ANCHORAGE, Alaska (Legal Newsline) – An environmental organization based in California is challenging the U.S. Fish and Wildlife Service's decision not to list the Pacific walrus as a threatened or endangered species.
The Center for Biological Diversity filed a complaint on March 8 in the U.S. District Court for the District of Alaska against Ryan Zinke, as the secretary of U.S. Department of Interior; James Kurth, acting director of U.S. Fish and Wildlife Service; and the U.S. Fish and Wildlife Service citing the Endangered Species Act.
According to the complaint, the plaintiff alleges that following its petition to the U.S. Fish and Wildlife Service in 2011 to list the walrus as threatened or endangered, "the Service has now made a complete reversal, determining that listing the Pacific walrus as threatened or endangered is 'not warranted."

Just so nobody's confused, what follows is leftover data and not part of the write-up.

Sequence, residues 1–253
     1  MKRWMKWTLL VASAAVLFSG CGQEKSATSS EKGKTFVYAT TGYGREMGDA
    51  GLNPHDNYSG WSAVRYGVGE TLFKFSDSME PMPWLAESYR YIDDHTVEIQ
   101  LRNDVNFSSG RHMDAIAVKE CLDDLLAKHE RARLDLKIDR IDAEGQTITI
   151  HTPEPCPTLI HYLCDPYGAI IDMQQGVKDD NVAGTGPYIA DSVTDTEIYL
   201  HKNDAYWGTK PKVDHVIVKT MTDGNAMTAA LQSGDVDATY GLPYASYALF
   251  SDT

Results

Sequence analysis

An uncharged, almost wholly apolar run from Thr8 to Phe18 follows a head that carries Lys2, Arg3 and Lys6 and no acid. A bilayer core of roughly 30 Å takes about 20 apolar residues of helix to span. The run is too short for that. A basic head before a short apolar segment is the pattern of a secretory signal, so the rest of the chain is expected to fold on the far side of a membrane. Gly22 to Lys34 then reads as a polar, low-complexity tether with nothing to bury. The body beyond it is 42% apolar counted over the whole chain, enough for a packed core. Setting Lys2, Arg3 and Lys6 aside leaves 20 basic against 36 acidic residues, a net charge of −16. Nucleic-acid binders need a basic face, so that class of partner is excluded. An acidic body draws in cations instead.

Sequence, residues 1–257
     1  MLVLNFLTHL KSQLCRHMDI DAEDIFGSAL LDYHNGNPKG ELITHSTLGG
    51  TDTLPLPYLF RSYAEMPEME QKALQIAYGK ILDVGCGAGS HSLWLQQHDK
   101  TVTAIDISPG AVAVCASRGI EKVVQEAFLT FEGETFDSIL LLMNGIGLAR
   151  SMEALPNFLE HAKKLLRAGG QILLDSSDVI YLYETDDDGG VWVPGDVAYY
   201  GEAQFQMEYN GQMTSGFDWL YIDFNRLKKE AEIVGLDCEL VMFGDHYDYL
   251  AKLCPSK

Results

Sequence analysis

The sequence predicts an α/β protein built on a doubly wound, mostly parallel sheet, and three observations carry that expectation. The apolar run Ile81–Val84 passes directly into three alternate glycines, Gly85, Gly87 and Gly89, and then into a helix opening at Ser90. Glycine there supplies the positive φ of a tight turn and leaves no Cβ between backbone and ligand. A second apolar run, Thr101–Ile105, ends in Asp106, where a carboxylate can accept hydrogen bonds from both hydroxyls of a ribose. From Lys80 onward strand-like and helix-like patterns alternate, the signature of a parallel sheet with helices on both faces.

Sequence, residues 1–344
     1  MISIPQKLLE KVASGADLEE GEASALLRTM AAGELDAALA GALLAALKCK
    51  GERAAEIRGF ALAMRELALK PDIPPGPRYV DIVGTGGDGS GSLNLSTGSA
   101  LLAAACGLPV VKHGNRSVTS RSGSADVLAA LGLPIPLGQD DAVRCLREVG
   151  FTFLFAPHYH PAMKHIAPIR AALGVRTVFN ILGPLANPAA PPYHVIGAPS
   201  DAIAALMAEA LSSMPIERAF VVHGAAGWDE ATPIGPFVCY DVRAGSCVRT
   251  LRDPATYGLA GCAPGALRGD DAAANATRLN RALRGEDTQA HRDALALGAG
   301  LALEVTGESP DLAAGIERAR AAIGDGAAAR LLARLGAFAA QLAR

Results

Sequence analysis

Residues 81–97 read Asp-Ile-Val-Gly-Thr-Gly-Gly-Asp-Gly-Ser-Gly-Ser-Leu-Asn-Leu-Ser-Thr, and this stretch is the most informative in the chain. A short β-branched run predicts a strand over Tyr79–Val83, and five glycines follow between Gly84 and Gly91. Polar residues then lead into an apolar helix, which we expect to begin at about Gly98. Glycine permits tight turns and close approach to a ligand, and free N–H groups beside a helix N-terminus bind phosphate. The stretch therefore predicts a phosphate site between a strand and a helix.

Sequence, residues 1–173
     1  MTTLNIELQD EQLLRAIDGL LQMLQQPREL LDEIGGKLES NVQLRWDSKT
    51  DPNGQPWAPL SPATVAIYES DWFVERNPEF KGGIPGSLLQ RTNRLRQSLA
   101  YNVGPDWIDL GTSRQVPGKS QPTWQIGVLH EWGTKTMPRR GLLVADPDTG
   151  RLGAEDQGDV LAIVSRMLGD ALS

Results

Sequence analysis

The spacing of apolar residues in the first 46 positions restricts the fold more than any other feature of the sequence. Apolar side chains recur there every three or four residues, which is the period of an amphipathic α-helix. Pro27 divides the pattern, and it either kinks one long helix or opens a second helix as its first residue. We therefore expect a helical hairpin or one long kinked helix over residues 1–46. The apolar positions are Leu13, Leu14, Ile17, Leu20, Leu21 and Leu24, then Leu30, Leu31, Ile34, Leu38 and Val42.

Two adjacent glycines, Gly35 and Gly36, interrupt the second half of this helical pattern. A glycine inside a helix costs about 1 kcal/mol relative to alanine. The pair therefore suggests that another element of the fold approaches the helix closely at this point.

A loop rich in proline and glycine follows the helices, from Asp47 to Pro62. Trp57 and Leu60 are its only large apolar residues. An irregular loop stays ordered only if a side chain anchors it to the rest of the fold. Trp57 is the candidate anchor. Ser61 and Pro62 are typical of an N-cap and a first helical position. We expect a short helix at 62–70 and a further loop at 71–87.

The plaintiff alleges the U.S. Fish and Wildlife Service failed to adequately explain why it changed its previous decision that determined the walrus warranted ESA protection.
The plaintiff holds the defendants responsible because the U.S. Fish and Wildlife Service's decision allegedly "is not based on the best available scientific data" and its "findings and conclusions also flatly contradict or inaccurately represent the available scientific date and are unsubstantiated," the suit states.
The plaintiff seeks an order for the U.S. Fish and Wildlife Service to reconsider the listing of the Pacific walrus under the ESA, award of costs of litigation, attorneys' fees and grant such other relief as the court deems just and proper. It is represented by Kassia Siegel, Kristen Monsell and Emily Jeffers of the Center for Biological Diversity in Oakland, California.
U.S. District Court for the District of Alaska case number 3:18-cv-00064-SLG